As for the reviewer, his job is not only to ask for changes but to provide enough information so that the finding may provide enough detail about the problem that anyone can
• understand the vulnerability
• understand possible attack scenarios
• know the key factors driving likelihood and impact
There is value in both assigning a qualitative value to each finding and further discussing why this value was assigned. Some possible risk ratings are
Justifying the assigned risk ratings is very important. This will allow stakeholders (especially non-technical ones) to gain a better understanding of the issue at hand. Two key points to identify are
• Likelihood (ease of discovery and execution)
• Business/Technical impact
Each code reviewer has to suggest remedies to a defect so that alternatives can be clear enough for the authors to provide (when requested) a reliable estimate of the effort required.
Another practice we follow is to provide authors with a reference to help them understand how to avoid this kind of defect: we call this “source” and the value assigned to it can be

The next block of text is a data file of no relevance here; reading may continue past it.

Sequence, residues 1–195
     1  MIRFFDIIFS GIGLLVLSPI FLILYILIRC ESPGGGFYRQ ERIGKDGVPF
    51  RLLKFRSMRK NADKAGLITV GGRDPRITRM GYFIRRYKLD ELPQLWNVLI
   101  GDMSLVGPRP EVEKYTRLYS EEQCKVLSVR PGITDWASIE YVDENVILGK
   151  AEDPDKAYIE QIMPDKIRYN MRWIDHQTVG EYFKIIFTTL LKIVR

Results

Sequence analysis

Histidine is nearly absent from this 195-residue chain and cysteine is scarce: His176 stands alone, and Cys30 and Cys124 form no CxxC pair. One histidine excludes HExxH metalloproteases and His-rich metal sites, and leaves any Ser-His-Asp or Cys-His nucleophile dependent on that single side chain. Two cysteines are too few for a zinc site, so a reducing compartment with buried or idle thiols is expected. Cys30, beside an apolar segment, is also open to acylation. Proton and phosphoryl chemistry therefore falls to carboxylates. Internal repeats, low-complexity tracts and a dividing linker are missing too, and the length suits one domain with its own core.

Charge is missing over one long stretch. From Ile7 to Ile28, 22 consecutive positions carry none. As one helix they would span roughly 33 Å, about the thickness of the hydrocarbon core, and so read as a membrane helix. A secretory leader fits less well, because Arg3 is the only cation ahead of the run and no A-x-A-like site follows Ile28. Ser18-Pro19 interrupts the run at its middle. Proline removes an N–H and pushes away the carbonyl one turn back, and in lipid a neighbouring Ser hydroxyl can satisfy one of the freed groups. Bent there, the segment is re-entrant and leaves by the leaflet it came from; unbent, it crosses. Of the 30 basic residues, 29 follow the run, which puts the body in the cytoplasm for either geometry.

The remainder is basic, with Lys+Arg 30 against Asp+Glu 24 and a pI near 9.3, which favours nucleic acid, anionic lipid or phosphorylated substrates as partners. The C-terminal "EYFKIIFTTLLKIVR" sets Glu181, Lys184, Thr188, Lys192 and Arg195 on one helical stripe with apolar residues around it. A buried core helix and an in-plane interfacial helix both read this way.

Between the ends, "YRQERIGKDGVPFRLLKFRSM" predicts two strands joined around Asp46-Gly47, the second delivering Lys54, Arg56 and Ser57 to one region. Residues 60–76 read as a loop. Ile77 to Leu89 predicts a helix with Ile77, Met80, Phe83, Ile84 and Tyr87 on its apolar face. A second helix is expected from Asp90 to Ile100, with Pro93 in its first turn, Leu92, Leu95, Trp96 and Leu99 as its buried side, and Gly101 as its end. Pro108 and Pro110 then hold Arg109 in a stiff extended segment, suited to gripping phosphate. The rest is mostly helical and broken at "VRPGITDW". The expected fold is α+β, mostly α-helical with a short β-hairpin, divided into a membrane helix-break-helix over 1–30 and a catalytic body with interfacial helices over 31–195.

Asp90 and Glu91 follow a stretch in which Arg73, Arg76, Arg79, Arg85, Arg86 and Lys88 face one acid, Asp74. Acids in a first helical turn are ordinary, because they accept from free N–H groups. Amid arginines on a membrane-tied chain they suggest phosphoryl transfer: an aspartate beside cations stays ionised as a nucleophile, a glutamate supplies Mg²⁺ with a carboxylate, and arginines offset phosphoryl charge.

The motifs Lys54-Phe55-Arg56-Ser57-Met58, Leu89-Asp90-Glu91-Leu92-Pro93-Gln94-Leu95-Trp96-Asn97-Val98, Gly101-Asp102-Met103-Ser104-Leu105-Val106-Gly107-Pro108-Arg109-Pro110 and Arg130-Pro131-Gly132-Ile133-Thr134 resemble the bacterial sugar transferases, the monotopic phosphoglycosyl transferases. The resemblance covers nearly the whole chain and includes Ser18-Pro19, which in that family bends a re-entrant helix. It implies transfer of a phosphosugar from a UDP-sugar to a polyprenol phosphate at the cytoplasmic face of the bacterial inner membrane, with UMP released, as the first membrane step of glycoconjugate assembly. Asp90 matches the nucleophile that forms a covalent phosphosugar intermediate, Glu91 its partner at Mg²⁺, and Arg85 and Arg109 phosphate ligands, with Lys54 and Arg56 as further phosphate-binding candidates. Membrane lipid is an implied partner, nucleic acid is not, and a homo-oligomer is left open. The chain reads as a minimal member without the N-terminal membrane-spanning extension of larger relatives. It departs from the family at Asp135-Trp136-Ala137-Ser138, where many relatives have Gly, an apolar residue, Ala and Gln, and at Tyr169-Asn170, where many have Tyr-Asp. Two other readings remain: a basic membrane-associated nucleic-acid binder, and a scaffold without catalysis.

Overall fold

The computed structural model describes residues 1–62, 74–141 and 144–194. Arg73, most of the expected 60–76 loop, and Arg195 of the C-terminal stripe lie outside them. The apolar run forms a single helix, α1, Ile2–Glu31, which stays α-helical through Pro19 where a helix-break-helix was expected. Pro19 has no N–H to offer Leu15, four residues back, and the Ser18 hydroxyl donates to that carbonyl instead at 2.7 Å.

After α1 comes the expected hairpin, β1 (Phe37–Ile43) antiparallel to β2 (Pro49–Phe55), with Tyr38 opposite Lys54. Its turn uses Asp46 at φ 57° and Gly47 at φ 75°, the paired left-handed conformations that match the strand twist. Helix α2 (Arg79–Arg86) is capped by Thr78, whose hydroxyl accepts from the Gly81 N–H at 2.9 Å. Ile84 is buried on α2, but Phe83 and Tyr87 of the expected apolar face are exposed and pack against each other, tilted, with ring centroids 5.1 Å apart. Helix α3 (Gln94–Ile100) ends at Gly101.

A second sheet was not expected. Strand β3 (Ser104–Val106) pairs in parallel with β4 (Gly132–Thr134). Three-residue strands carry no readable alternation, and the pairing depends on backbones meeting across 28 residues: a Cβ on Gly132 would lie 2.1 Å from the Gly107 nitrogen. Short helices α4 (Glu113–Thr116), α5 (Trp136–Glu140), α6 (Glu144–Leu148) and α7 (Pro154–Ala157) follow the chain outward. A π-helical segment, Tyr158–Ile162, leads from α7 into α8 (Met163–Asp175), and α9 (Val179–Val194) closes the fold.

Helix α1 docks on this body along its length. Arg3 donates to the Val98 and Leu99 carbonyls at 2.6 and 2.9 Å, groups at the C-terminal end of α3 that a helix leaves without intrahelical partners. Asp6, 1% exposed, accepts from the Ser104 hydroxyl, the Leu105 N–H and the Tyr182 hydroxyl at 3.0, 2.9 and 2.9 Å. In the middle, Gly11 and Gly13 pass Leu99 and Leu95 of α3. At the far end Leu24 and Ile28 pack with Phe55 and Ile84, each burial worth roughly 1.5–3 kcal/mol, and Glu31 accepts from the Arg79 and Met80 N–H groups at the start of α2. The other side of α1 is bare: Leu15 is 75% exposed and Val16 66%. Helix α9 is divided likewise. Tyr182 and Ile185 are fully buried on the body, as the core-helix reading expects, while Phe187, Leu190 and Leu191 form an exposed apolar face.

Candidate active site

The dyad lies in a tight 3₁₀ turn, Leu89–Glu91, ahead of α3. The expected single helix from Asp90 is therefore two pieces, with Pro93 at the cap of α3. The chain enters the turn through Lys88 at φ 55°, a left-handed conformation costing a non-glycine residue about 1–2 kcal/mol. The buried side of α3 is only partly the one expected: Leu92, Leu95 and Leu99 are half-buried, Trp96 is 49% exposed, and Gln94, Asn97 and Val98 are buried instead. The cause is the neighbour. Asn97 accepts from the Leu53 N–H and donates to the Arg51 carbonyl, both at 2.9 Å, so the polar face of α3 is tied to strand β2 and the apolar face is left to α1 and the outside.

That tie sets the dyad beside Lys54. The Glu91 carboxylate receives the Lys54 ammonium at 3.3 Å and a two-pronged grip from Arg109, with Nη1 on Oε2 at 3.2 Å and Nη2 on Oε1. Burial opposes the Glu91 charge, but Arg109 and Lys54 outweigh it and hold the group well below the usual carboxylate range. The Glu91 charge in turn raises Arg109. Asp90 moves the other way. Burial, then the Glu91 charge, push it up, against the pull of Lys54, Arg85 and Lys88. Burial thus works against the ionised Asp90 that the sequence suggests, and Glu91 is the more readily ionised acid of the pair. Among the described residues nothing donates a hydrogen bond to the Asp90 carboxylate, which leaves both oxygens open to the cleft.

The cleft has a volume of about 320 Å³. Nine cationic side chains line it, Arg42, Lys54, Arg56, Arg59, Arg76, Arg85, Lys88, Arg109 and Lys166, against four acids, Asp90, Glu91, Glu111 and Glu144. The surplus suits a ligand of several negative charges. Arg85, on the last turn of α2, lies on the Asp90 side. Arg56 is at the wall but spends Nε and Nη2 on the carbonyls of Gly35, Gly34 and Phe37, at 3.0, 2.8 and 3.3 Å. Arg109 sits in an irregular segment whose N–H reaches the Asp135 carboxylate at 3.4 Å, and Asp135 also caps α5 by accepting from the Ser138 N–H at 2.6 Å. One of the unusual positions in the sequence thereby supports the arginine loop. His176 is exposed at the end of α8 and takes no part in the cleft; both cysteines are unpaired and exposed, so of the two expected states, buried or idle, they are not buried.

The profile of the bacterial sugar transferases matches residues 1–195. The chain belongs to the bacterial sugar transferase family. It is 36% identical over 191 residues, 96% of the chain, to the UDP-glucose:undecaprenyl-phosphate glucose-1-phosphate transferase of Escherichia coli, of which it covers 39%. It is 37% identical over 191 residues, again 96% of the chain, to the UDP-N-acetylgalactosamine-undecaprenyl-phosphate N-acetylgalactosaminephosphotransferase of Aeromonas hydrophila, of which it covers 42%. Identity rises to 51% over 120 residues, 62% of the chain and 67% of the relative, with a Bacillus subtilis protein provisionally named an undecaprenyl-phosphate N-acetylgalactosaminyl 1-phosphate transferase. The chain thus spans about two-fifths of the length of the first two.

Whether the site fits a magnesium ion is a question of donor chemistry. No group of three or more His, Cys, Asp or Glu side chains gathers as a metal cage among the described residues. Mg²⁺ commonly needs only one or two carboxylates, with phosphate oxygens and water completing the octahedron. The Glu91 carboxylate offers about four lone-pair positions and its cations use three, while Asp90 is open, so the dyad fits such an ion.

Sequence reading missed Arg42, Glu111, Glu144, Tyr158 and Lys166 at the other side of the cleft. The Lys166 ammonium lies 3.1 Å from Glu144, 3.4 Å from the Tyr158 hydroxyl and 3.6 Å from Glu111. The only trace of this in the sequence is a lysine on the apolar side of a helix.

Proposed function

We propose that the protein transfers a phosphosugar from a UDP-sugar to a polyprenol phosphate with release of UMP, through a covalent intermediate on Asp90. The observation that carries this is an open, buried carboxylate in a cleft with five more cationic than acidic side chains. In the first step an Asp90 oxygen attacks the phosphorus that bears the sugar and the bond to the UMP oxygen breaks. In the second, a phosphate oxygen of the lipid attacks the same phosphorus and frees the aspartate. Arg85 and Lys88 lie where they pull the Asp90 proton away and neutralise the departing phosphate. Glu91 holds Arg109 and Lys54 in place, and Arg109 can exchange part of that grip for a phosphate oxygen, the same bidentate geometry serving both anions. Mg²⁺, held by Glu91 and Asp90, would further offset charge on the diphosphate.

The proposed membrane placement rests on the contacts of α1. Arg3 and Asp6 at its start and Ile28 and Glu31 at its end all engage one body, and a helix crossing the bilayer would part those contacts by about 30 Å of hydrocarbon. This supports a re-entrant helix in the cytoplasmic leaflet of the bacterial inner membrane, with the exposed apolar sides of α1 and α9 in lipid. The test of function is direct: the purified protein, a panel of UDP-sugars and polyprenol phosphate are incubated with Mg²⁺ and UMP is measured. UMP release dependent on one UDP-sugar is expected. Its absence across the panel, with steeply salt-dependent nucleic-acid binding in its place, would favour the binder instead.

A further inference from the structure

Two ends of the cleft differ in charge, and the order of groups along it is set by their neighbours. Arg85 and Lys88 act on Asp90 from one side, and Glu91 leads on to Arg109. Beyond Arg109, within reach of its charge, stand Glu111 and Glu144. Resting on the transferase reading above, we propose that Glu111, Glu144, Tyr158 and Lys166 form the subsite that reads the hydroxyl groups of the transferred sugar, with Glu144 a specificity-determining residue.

• Check list
• Use case
This is usually very helpful in preventing the need to resubmit a code review with common mistakes.
In order to make the code review a practice aimed at helping our team to grow, we periodically create reports that show not the number of defects or their authors (this is the way formal reviews usually take place), but rather the defects themselves, and we ask the team which ones can become part of our checklist.
This post describes only part of our process, but we believe that these building blocks can be the right way to start improving the quality of the software that an organization is working on.